I have a love hate relationship with London Marathon. The first time I ran it was 2010 when my 3rd daughter was 10 months old. I was under trained and under prepared. This was in my pre-SJ days and I had done all my long runs on my own, travelled to the start on my own, shivered in the down-pour at the start on my own and had a thoroughly miserable race finding it really hard to pace my run and get in the zone with all the screaming crowds. At the finish I had to fight my way through the crowds to catch the train home from Waterloo. It was such a disappointment I didn’t run for 2 years afterwards. Fast forward to 2013 and I secured a place at London through the ballot but this time had a completely different race experience having found SJs to train with, travel to the start with and travel home on the bus with I had an amazing experience, a fantastic run and really enjoyed the camaraderie of the whole experience including the post-marathon party. In the intervening years I have run many, many more marathons and marshalled at London and was lucky enough to be drawn a place in the marshals ballot for this year’s race.
On race day I got up an hour before I was due to leave home to catch the runners coach to the start. My usual routine is a cup of coffee and porridge before getting my kit on. This year I opted for contact lenses and sunglasses with a good slathering of suntan lotion. The only problem with this is that I have now reached the age where I need glasses to read so with my contact lenses in I am unable to read the digits on my Garmin – not much use if you are aiming for consistent pacing!
I was at the Red start for the first time so was a little disorientated by the layout of the start area but soon hooked up with Claire, Sacha, Sharon and Tina where we found a shady spot under a tree to lay out some foil blankets to sit on to pass the time before the start. As the weather was so warm no-one was reluctant to strip off their outer layers and put their bags onto the baggage trucks. Tina and I were both in pen 8 so we said good bye to the others and went off to find our pen. This year was the first year the start was in waves which meant it took 47 minutes to cross the start line, a quick piece of mental maths told me that this would mean I would not make it back to The Mall to catch the coach home. During our wait we were trying to stay out of the sun as much as possible but this was unavoidable in places and I managed to drink about 500 mls of water even before crossing the start line which led to the inevitable toilet stop.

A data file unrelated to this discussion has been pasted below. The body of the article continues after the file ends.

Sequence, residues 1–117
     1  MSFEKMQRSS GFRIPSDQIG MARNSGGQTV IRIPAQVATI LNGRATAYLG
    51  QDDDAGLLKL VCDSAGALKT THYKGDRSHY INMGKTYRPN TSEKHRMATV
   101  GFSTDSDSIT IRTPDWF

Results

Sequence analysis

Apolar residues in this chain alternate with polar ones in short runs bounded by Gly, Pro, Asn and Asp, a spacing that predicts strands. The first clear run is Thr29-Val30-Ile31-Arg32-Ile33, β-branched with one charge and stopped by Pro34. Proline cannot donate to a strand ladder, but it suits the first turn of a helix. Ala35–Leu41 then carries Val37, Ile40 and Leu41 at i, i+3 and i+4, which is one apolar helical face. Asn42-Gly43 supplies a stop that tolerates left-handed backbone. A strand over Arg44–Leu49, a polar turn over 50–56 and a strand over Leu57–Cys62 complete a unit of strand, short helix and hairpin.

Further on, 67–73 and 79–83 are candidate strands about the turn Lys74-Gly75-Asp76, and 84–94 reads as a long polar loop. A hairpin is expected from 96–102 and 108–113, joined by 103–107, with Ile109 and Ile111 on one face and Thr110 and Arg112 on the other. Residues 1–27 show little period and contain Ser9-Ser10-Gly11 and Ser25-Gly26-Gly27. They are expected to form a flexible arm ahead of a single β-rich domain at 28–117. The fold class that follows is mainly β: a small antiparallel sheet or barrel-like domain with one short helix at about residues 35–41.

The first few miles passed pleasantly enough, I was following the 5:15 pacer and finding it quite comfortable but the 500 ml of water was now nagging at me. Each time we came to a block of port-a-loos the queues were massive so I kept ongoing as long as I could. Eventually it was a now or never situation and I lost 12 minutes queueing but the relief was worth is and it was one less thing to worry about. By the time I came out of the loos a couple of hundred runners must have passed me and rather than the nicely paced runners I was with before the group was mainly run/walkers. My legs struggled to get going again and weaving in and out of the walkers added to my distance clocking up 27.5 miles by the time I reached the finish.
The day was heating up and I resigned myself to a slow race but tried to make the most of the atmosphere and the city landmarks which really are the unique thing about London. I ran with the Karaoke man for a while and sang along to ‘Valerie’ at top volume. I savoured running over Tower Bridge, I laughed out loud at the crowds dancing and singing alongside the road including the group playing the theme tune to Benny Hill which was causing all the runners to comically speed up. The charity cheer crowds were amazing and I managed to see three different friends at different points and get some much needed hugs. My absolutely favourite part of the race was an area taken over by Run Dem Crew, they had adorned the pavement with chalk graffiti and were blasting music out over the crowds whilst clanging cow bells and making a tremendous noise which gave me goose bumps and a real lift.
By Mile 21 the group I was with were like a scene from the Walking Dead with plenty of people shuffling painfully along. There were also plenty of casualties receiving support from St Johns Ambulance so I was very glad to be feeling tired but otherwise okay. At mile 24.5 I heard my name called from behind and Tina had caught up with me looking bright and breezy. We trotted along together for a mile or so before turning the corner at Big Ben and coming across a runner leaning precariously to the left. After checking he was ok and didn’t need any assistance, Tina ran on to see her family, who were spectating and then on to a strong finish. I ground out the last half a mile to the finish and into the arms of Richard Boese who was hustling at the finish line. I Rember thinking how nice it was to see a familiar face and if Richard let go, I would probably fall over. I then shuffled through to collect my medal and another hug from Chris Lambourn followed by a hug from another running friend who was giving out goodie bags – there are some very nice benefits of being an SJ!
I would usually have to layer up at the end of a race but it was still so warm that I just took my trainers off, popped my flip flops on and headed off to Waterloo to catch the next train home. Just as I arrive at Waterloo a train heading to Farnborough was ready to leave so I was able to walk straight on and into a much needed seat for the journey home. Just over an hour later I was at home with fish and chips and a glass of wine watching the BBC highlights of another epic London Marathon.